Research storiesEcologySerbia

Thousands of hectares of forests disappear each year as a result of illegal logging

29. Sep 2017.
Foto: Udruženje Zelena Mreža Pčinjskog okruga
Illegal logging and timber theft is the most often committed criminal offense against the environment in the past 10 years. Trees are most often cut in privately owned forests which are not guarded, however, theft is also common in state owned forests, sometimes aided by the forester.   

Last summer, during the night, a group of illegal loggers attempted to steal already prepared firewood from the Forest Estate Banat. After a number of anonymous calls and messages, the Head of the Forest Office organised an ambush. On the spot, the control unit of the Public Enterprise Vojvodinašume caught a group with two boats with a capacity to hold 14 cubic metres of timber. This is just one of many attempted thefts of forest trees in Serbia which intensify before the winter season.

The problem of illegal loggings has been present for a long number of years and, as a result, the state and private owners are losing millions of dinars, and thousands of trees are cut down without the permit of the authorities.

Government institutions, such as the Forestry and Hunting Inspection of the Republic of Serbia, the police, Public Enterprises Srbijašume and Vojvodinašume, as well as enterprises managing the national parks, file hundreds of criminal and misdemeanour charges each year against illegal loggers. An average of at least 17 thousand cubic metres of trees of state forests are cut down illegally each year.

 

Illegal logging in Trgovište

 

Photo: Association “Green Network of the Pčinja District” 

Not every single cutting of forests means destruction of nature, only that which is carried out without a plan and contrary to regulations. Controlled cutting of trees has a positive impact on the environment.


“Forests prevent and reduce all types of soil erosion, they act as water filters, as well as clean water sources. They have a positive influence on soil fertility, they absorb noise, reduce dust and have a positive impact on climate changes while, on the other hand, they are a source of income and ensure the survival of people living in rural, primarily mountainous areas”, says Saša Stamatović, Director of the Forestry Directorate with the Ministry of Agriculture, Forestry and Water Management.

Common Oak, also known as “Slavonian Oak”, takes between 120 and 180 years to fully grow and reach the maturity when it can be cut down, while it takes illegal loggers only a few minutes to cut it. This oak is a high quality type of wood and it is most common in the territory of the Forest Estate Sremska Mitrovica. It can also be found in the region of Sombor and Novi Sad.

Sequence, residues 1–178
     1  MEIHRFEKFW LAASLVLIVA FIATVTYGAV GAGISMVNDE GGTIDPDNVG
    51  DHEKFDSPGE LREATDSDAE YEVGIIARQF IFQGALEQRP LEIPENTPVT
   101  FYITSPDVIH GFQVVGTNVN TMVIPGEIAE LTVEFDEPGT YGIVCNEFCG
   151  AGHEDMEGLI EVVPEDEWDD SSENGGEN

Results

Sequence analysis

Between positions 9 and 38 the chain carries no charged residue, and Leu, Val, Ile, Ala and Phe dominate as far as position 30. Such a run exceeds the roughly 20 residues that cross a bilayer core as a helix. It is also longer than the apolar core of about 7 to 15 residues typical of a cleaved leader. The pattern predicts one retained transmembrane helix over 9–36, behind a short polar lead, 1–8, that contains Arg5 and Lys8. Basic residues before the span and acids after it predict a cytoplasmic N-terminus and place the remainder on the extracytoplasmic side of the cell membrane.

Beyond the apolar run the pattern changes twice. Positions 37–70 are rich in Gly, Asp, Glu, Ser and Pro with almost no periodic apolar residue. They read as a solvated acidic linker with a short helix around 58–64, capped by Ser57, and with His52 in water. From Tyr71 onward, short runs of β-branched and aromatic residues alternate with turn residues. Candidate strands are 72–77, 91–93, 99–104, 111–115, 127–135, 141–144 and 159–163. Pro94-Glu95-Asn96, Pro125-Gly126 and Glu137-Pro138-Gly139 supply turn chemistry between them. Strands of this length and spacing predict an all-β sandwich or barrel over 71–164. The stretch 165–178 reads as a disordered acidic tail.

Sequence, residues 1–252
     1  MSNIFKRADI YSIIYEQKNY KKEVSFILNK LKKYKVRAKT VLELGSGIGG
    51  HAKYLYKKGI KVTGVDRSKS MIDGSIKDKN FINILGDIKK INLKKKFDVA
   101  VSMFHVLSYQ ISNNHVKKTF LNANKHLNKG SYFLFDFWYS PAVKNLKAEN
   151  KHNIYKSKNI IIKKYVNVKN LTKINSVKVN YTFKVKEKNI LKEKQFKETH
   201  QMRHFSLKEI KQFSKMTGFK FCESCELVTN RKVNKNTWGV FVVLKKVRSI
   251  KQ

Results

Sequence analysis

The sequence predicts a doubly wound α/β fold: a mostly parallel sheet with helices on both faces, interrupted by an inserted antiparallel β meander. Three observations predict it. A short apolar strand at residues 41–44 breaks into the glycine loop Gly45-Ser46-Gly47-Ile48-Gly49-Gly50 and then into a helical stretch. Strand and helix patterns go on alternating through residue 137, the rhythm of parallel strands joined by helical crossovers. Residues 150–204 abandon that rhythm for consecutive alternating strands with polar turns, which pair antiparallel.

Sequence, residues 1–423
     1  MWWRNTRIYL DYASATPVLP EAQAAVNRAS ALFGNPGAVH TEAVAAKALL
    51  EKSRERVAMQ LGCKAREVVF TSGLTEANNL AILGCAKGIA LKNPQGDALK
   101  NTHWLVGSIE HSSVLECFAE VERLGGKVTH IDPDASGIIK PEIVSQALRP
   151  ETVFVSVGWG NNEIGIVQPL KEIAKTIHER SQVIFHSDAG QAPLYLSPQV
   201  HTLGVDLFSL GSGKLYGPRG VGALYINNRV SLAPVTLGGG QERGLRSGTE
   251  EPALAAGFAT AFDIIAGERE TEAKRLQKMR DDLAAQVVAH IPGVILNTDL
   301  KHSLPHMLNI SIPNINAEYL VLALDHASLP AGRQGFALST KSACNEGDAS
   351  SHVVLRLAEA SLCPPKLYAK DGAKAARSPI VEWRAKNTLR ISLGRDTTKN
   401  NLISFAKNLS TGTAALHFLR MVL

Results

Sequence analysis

“What a crime it is when someone acts out of ignorance, negligence, or criminal urge, and cuts down that oak which has grown only 20 cm and is supposed to grow for another 100 years” says Slađana Dabić, officer in charge of cultivation and protection of forests in the Public Enterprise Vojvodinašume.

She also added that illegal logging not only results in economic loss, but it also leaves long-term consequences on the environment and quality of life of people when forest trees are cut down before their time.

 

Most thefts occur in the south of Serbia

 

Over the past 10 years, criminal acts of timber theft rank no.1 in comparison to all other acts against the environment, as is evidenced by data presented by the Statistical Office of the Republic of Serbia.


The number of individuals against whom criminal charges have been filed have doubled in 10 years, from 1,314 in 2007, to 2,007 in 2016. Each year, approximately 450 individuals, on an average, are convicted for timber theft, although most result in a suspended sentence.

 

Forest land in Serbia

Approximately 30 percent of the territory of Serbia is currently covered by forests, which is insufficient if compared to Slovenia in which 70 percent of the land is covered in forests, however, significantly more than 17 percent which was the case in Serbia after World War II. Work actions for afforestation organised in Yugoslavia improved the percentage of land covered by forests. Today, East Serbia is richly populated with forests, while only 6 percent of the territory in Vojvodina is forest land.

Only the Ministry of Interior of the Republic of Serbia (MUP) filed almost 3,000 criminal charges against more than 2,500 individuals in the period from January 2014 to July 2017.


People interviewed by the Center for Investigative Journalism of Serbia (CINS) state that more often than state forests, the target of theft are private forests owned by farmers who cannot guard them, or their descendants who have moved to the cities and left the forests without any supervision.


“Quite often in the chain of theft is the first neighbour or a close relative of these people”, says Mr. Stamatović, Director of the Forestry Directorate.

Stamatović states that there are also organised groups that patrol poorly populated villages and cut everything they can find. These groups often deceive the local population by telling them that they are cutting only marked trees, and then they devastate the whole forest and run away.